Department of Computer Science
This work was supported by NSF under Contract ANI-0133537.
If we wish to distribute audio in a large room, building, or even a campus, we need multiple speakers. These speakers must be jointly managed and synchronized. The Ethernet Speaker (ES) system presented in this paper can be thought of as a distributed audio amplifier and speakers, it does not ``play'' any particular format, but rather relies on off-the-shelf audio applications (mpg123 player, Real Audio player) to act as the audio source. The Ethernet Speaker, consists of three elements: (a) a system that converts the audio output of the unmodified audio application to a network stream containing configuration and timing information (rebroadcaster), (b) the devices that generate sound from the audio stream (Ethernet Speakers), and (c) the protocol that ensures that all the speakers in a LAN play the same sounds.
This paper covers all three elements, discussing design considerations, experiences from the prototype implementations, and our plans for extending the system to provide additional features such as automatic volume control, local user interfaces, and security.
Keywords: virtual device drivers, OpenBSD, audio, multicast.
In this paper we discuss our implementation of a similar architecture using an Ethernet network and small embedded computers as speakers (Figure 1).
Our motivation for undergoing this project was that we believe that using an existing network infrastructure may allow the deployment of large scale public address systems at low cost. Moreover, having an embedded computer next to each speaker offers numerous opportunities for control of the audio output, such as remote playback channel selection, volume levels, perhaps even the ability to use the built-in microphone to determine the appropriate volume level depending on ambient noise levels.
Numerous solutions exist for transferring audio over the Internet, but since most local networks are Ethernet-based we wanted to use this experiment to determine whether we can come up with a number of simplifications to the architecture by assuming that all the speakers are located on the same Ethernet segment. This ties in very well with the greatly improved range and size of modern Ethernet LANs. In section 2 we discuss the impact of this assumption on the design and implementation of our system.
Another issue that we faced was how to generate the audio streams that would feed these (Ethernet) speakers. We did not want to design yet another audio library or streaming service, or to have to modify existing applications so that they would use our system. The solution we selected was to redirect the audio stream from inside the kernel so that instead of going out the built-in audio card, the stream would be channelled directly to the network or to some other user-level application. This led to the design of the virtual audio device (VAD) that virtualizes the audio hardware in the same way as the Unix system uses pseudo terminals (pty(4)).
The advantage of this approach is that the application cannot determine whether it is sending the audio to a physical device or to a virtual device and hence off-the-shelf applications (even proprietary ones) can be used to send audio to our Ethernet Speakers (Figure 2).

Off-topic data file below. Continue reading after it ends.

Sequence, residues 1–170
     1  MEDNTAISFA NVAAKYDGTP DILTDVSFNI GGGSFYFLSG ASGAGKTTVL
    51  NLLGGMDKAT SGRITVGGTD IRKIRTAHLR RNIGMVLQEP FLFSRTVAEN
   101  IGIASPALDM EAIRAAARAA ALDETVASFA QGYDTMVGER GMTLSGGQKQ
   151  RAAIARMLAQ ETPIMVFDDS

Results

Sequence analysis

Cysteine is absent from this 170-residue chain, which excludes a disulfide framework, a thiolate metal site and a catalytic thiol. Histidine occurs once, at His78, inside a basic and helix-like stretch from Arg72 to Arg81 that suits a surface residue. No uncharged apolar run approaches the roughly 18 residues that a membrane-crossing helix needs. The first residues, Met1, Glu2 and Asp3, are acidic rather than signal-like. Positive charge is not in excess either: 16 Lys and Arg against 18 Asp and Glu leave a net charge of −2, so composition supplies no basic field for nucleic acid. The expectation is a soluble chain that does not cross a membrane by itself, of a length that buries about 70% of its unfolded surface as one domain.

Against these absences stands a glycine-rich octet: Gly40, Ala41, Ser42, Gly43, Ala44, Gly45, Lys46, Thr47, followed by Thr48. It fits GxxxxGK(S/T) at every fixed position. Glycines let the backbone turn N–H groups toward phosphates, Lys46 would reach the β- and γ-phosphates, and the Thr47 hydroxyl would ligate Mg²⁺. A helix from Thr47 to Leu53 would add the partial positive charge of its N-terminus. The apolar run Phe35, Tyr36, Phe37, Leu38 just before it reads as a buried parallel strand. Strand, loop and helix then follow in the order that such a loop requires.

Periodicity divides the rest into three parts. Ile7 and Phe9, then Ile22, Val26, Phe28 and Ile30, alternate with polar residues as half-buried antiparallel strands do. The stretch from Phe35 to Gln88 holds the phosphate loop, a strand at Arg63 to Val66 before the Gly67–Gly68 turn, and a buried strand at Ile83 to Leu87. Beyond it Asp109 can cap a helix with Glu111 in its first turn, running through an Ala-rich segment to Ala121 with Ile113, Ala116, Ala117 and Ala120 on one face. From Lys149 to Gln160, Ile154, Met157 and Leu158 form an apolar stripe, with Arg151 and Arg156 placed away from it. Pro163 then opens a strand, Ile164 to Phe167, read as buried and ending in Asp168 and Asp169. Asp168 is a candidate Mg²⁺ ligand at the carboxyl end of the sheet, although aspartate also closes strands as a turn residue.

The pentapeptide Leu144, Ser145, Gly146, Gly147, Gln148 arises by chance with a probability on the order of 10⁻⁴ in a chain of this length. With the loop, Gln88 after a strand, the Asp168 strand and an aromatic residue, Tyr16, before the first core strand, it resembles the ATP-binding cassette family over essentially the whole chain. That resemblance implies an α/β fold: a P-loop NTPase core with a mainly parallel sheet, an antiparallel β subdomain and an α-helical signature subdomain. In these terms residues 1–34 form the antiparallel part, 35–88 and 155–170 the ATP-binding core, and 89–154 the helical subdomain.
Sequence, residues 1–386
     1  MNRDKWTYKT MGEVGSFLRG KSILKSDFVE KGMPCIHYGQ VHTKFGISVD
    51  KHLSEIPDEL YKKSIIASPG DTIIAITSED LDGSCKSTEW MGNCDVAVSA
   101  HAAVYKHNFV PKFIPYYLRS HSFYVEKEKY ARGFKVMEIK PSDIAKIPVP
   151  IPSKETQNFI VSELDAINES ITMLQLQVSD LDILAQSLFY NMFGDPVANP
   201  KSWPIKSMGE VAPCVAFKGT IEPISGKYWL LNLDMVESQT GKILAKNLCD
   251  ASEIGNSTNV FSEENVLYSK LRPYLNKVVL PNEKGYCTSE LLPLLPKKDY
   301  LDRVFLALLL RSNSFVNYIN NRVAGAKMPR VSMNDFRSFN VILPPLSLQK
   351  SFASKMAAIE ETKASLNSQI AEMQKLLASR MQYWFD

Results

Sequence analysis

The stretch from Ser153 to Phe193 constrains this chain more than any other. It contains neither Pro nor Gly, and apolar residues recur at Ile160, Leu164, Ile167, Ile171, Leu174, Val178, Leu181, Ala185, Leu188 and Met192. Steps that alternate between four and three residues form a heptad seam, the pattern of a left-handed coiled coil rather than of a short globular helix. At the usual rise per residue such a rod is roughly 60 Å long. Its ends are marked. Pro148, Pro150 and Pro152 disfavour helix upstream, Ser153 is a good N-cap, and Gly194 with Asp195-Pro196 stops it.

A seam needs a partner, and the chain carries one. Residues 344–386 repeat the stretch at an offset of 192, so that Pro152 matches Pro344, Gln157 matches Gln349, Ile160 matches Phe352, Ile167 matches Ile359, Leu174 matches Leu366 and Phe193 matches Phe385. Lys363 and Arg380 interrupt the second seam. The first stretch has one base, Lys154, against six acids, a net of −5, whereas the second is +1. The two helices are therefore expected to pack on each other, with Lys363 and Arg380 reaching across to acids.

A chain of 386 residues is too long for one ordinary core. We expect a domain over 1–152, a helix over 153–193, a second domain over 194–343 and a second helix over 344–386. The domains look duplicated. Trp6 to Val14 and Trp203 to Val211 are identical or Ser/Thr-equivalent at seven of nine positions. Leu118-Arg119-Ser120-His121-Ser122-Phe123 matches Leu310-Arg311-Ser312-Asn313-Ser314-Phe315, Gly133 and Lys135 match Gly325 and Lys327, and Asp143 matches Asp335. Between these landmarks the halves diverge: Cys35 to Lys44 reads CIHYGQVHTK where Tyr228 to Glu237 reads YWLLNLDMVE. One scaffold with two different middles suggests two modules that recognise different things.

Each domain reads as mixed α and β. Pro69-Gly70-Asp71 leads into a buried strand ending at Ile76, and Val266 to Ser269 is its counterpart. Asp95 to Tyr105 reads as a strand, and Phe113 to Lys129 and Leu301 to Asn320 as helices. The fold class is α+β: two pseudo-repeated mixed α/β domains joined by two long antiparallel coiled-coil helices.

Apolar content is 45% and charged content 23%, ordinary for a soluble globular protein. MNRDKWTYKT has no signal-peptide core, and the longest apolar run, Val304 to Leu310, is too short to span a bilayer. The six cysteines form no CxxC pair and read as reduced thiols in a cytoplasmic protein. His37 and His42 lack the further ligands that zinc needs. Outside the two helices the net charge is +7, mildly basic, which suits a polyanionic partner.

In the rest of this paper we describe the basic elements of the Ethernet Speaker (ES) system, including the VAD, the communications protocol used to send audio data and configuration information to the Ethernet Speakers and the platform used to implement the ES. We also describe our prototype and the lessons we learned from its implementation. Finally, we discuss some of our plans for adding some security and remote management features to the system.
In this section we discuss the modifications we made to the OpenBSD kernel to support the virtual audio device (VAD). Although we have used the OpenBSD kernel, our modifications should be easy to port to any system that uses a similar architecture for the audio driver.
The audio subsystem of most modern Operating Systems provides a path from the application to the audio hardware. While this arrangement works most of the time, it has a number of deficiencies that can be quite frustrating. These include:
Despite the numerous audio formats in use, the services offered by the audio device driver (audio(4)) are well defined and relatively straightforward in terms of formats and capabilities. This implies that by intercepting an audio stream at the kernel interface (system call level), we only need to deal with a small set of formats. In other words, the various audio applications perform the conversion from the external (possibly proprietary) format to one that is standardized. We, therefore, require a mechanism that allows the audio output of a process to be redirected to another process. The redirection occurs inside the kernel and is totally transparent to the process that generates the audio stream. Our system utilizes a virtual audio device (VAD) that plays a role similar to that of the pseudo terminals that may be found on most Unix or Unix-like systems. The VAD consists of two devices (a master and a slave). The slave device looks like a normal audio device with the difference being that there is no actual sound hardware associated with it. The audio application opens the slave device and uses ioctl calls to configure the device and write calls to send audio data to the device. Another application can then open the master device and read the data written to the slave part (Figure 2).
The OpenBSD audio driver is an adaptation of the NetBSD audio driver and consists of two parts: the device independent high level driver and the device dependent low level driver. The high level driver deals with general issues associated with audio I/O ( handling the communications with user-level processes, inserting silence if the internal ring-buffer runs out of data, etc.), while the low-level drives the audio hardware. User-level applications deal entirely with the high-level audio driver.